We’re over 20 years and 8 albums on from Deftones debut LP now, and their ability to constantly synthesize and refine the chemistry of their sound has enabled them to remain as compelling an entity today as they ever have been. As a result, they are a band that boasts one of the most consistently strong discographies of any band still at work.
Deftones worked out early on that metal music didn’t have to be brutish in its hostility, and despite being more monochrome than its technicolour predecessors, Gore picks up not far from where Koi No Yokan,and Diamond Eyes before that, left off. From the outset it’s clear that the album’s sound is there to entice as much as assault, with the notes of opening track Prayers/Triangles swimming through a restless groove, before a spirited chorus is adorned by a full-blown torrent of guitar that manages to stay far away from oppression.
Gore is the band’s first LP since the tragic death of Chi Cheng, who died in 2013 four years after the car accident that left him in a semi-conscious state, and although there is no direct reference in this album to it, there are moments where the band are perhaps more sober than usual. Acid Hologram emanates a slow burn that substitutes intensity for introspection, and is mixed in a way that brings the structure and texture of the track to the forefront of its sound. These more sober moments don’t stick around for too long – Doomed User follows Acid Hologram with one of Stephen Carpenter’s most severe riffs, providing the album with its most ferocious track.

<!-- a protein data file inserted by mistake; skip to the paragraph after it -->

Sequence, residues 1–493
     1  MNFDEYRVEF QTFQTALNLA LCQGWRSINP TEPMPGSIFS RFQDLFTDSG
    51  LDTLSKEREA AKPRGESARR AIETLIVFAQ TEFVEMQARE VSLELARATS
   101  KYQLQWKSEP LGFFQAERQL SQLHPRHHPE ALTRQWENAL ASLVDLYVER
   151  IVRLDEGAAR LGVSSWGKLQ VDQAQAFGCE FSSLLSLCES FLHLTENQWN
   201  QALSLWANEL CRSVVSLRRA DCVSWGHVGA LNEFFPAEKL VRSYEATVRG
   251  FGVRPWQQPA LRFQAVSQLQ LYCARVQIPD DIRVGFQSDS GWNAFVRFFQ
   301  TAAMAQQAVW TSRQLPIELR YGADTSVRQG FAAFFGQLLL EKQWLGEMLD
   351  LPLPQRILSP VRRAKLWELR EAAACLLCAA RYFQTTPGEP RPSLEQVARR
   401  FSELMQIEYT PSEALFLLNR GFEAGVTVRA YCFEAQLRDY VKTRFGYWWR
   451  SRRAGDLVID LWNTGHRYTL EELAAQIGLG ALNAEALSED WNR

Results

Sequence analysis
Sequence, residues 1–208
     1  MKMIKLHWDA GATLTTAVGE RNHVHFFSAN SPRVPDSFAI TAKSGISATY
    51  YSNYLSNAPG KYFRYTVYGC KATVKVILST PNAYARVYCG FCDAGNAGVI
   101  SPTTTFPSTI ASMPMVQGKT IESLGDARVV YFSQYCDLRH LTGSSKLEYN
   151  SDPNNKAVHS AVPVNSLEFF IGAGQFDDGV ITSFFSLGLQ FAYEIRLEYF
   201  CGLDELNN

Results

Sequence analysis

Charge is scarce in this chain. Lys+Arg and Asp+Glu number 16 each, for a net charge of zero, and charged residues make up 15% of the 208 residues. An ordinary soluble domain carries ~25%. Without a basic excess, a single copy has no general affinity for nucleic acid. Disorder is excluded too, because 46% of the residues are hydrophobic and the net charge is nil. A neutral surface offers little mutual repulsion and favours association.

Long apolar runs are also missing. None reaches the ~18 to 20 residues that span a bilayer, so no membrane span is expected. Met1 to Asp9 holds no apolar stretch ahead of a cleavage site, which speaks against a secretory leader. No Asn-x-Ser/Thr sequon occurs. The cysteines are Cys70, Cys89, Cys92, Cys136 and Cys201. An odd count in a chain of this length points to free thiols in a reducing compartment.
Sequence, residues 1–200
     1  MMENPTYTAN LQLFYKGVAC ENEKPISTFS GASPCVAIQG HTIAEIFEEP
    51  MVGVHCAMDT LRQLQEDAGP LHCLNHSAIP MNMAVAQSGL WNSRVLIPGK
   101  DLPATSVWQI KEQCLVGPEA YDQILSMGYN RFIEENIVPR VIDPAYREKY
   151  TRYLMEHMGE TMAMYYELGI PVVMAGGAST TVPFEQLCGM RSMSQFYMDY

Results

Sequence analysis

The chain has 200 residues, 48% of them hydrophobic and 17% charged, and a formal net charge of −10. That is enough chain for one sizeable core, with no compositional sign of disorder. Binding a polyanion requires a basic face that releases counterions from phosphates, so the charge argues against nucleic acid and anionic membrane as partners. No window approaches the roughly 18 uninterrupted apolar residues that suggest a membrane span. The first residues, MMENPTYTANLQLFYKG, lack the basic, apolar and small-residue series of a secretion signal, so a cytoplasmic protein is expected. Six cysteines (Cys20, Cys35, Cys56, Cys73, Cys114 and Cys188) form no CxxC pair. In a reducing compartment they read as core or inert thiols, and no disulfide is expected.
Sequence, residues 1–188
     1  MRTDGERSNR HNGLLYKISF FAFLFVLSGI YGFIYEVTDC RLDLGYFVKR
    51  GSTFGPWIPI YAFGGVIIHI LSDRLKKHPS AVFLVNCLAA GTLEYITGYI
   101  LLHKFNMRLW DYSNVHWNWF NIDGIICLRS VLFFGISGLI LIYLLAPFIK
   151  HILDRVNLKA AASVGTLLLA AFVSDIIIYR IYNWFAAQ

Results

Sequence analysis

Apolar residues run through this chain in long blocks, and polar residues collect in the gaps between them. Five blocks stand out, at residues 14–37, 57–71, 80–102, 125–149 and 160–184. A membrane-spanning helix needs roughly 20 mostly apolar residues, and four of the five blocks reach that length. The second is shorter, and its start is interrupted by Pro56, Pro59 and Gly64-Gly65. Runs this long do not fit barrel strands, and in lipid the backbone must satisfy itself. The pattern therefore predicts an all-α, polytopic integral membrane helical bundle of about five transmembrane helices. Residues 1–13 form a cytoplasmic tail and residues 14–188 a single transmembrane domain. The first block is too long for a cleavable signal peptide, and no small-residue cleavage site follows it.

Musically, the chemical reactions of Deftones have resulted in their shelf life outlasting the genre they were pigeonholed into in the late ‘90s, and this has enabled them to evolve and remain relevant naturally without having to pander to the evolution of the wider landscape. There are however a lot of moments throughout Gore where the only thing Chino Moreno is exploring vocally is his own comfort zone. Throughout the band’s discography, Moreno’s oxymoronic vocals have meandered their own way around the bedrock of the Deftones stratified sound, but on too many occasions here he is drifting through valleys that he has already cut himself. Maybe it’s a harsh criticism, but Moreno has shown over the past twenty years that he can match the chemistry of his band’s instruments by using his voice as his own. Too often here he does not do that, and on tracks such as Pittura Infamante and Xenon, he saunters on autopilot.
Asides this criticism, Gore is Deftones on the form we’ve been treated to for two decades. The eerie arpeggios of (L)mirl and the full-frontal metal grooves of title track Gore are the result of Deftones expertly executing their own refined craft, and the album’s keystone Hearts/Wires is allowed the time to build and morph into one of the better tracks the band have produced over their past few records.
Gore is a listen as complex and engrossing as we’ve come to expect from Deftones, and they continue to be a band that matures organically, becoming more and more fluid in their own craft. They simply do not produce mediocre records, and their grasp on melody, groove and controlled aggression has become a hallmark that is fully their own, and a reference point for any band that goes near the waters they’ve patented.
[FIRST PUBLISHED ON NO RIPCORD]